Michael Brockett

Staff Writer

As the semester nears the end, I reflect on what college has given to me over the years. While we look at our classes as the place for an educational foundation, I believe the campus as a whole, and the venture out into the world of higher education, is an even larger classroom. Every day, from the second we wake up, until we lay our heads down for the evening, we are learning.

We gain a sense of career within the classroom, however outside the academic buildings, we also gain valuable life lessons. As I look towards graduation next semester, I reflect on some of the lessons school has given me.

College is the place we learn to love. Yes, many of us had those high school sweethearts and quite a few were not virgins upon entering their first year at Millersville, however I mean love in a larger sense of the word. For most, this was the first taste of freedom. This was the time that we truly could learn from one another, to experiment, to explore. College is where those life long partnerships truly start to develop. As the years pass, this is the time that proposals occur, rings are seen, the future is starting to develop and unfold.

Beyond loving others however, college is also the time that we learn to love ourselves. I have seen and heard many times from students around campus how at home they had to hide or suppress who they wanted to be, what they wanted to be a part of, and who they wanted to be surrounded by. Through our journey during our collegiate years, we gain a sense of self and worth. We begin to realize that we are living in an environment where each of us is accepted, welcomed, and no longer have to put up a facade for the world.

Another lesson college has taught us is independence and responsibility. Until our arrival at Millersville University, most students came from home where there was a ‘security blanket’ in place, many having cars, bills, and other parts of life paid for by parents or guardians. Upon arrival at Millersville, for many, this blanket was left at home, causing students to learn to take responsibility.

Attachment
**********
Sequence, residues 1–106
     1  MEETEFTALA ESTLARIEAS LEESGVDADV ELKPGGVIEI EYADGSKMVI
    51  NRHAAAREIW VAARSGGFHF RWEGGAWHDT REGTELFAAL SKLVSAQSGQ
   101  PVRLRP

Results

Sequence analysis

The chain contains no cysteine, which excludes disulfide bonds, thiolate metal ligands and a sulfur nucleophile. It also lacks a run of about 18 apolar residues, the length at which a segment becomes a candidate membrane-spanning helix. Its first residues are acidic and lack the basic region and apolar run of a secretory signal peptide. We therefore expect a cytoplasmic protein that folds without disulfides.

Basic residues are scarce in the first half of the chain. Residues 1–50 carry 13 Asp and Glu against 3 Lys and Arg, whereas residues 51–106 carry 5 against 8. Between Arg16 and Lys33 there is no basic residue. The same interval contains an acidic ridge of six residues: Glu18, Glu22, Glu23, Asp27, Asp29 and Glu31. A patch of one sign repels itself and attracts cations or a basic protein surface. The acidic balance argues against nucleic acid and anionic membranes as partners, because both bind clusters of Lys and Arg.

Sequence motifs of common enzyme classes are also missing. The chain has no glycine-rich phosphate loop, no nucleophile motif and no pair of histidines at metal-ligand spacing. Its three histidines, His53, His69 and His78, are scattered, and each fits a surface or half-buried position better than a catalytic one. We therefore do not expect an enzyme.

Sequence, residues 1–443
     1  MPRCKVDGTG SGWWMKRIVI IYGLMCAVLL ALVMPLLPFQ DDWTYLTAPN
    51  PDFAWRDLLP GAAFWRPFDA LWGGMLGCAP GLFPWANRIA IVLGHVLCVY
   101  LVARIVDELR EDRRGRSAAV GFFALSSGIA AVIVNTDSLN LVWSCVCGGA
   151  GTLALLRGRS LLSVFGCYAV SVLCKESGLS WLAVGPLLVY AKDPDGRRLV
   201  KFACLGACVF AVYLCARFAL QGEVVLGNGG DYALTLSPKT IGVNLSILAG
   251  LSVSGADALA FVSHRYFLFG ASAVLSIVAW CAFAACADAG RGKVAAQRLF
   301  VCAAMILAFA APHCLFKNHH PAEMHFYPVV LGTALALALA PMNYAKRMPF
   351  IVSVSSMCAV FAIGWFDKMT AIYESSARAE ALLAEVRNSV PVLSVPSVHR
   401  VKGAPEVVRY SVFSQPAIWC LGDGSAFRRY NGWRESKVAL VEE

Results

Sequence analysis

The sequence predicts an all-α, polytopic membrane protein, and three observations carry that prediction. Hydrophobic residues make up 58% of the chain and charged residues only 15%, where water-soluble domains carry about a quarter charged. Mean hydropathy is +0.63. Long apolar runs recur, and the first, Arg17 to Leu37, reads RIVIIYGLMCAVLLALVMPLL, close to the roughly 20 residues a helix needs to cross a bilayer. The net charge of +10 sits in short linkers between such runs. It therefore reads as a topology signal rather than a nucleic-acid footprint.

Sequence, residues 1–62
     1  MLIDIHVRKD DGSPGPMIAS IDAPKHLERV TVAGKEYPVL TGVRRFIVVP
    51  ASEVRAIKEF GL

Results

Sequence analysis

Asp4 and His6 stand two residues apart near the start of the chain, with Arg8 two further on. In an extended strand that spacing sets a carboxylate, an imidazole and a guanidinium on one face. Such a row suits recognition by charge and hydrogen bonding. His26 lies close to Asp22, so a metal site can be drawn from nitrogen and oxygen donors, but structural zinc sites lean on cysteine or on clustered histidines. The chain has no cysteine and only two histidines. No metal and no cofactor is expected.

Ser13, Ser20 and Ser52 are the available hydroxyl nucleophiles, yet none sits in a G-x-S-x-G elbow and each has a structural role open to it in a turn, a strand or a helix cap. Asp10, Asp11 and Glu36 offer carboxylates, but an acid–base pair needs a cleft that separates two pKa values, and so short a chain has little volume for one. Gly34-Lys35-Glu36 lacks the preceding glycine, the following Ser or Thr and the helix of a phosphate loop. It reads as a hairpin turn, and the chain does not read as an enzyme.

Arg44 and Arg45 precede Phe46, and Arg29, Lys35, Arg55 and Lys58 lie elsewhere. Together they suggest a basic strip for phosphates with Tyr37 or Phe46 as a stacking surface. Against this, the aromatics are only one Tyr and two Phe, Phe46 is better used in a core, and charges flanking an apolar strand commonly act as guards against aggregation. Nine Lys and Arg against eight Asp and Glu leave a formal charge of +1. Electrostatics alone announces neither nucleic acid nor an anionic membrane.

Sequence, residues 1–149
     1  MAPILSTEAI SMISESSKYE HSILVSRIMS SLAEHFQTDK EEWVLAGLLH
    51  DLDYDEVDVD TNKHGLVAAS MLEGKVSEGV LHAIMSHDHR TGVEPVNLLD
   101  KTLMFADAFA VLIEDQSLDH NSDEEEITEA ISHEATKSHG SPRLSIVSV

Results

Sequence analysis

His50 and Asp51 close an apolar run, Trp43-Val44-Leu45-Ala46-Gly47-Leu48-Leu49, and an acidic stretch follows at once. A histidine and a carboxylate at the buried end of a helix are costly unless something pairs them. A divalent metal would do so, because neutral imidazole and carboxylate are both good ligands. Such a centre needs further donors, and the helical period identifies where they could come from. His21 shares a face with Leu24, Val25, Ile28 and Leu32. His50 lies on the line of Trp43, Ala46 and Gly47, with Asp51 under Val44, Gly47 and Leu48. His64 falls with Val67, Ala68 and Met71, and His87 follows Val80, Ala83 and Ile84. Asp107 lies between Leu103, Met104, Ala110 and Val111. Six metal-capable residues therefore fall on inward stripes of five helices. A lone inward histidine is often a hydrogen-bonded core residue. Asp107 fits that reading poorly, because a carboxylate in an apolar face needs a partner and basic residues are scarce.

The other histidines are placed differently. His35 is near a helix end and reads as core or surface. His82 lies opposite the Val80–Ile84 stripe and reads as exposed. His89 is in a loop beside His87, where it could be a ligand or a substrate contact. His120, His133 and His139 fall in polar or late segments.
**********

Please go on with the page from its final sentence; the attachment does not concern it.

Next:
When bills or rent are due, it is on the student to manage a job, loans, or whatever source of finances they have to pay their way. For many, this has meant getting jobs or taking out loans, however with each, we have had to learn responsibilities that come with borrowed finances and maintaining employment. We as young adults have had to step up, learning how to write checks, manage apartment bills, cook and clean, and (for some only because they run out of clothes to wear) be able to do our own laundry. I remember freshman year a guy in my residence hall asking his roommate how to do laundry because his parents always did it. The fact students burn their mac and cheese because they don’t know to add water shows how dependent some were before coming to college.

A third lesson, and the hardest lesson for many of us, has been the lesson of loss. As students at Millersville, this lesson has been taught in many ways. The most common lesson of loss we have learned has been when a major or our schooling doesn’t work. Basically this translates to the dreaded ‘F’. Most students will see one of these at some point in their schooling, whether on a project, presentation, or paper. The lesson learned however is what went wrong and how to improve. Sometimes this means increased studying, tutoring assistance, or possibly withdrawing from a course or program. While this is difficult to do, sometimes admitting defeat in one area can open up our eyes to something better.

Loss has also been taught to some students the hardest way in college. While some felt the impact sooner, many did not experience the loss of a peer until their time at the university. Each semester, the student body dreads the campus wide email announcing the passing of a student. While each is tragic and heartbreaking, the lesson we learn is how to come together as a community and support one another. Loss also has taught this campus to never judge a book by its cover. We never know what someone may be struggling with in their life.

As I prepare to begin the final stretch of my college career, I reflect on these lessons as well as the many more I encounter every day. I know that come spring commencement, I will have learned so much more than just what my major has provided me with. I know that upon walking across that stage, the lessons I have learned at Millersville University will help carry me into a bright, successful next chapter of my life.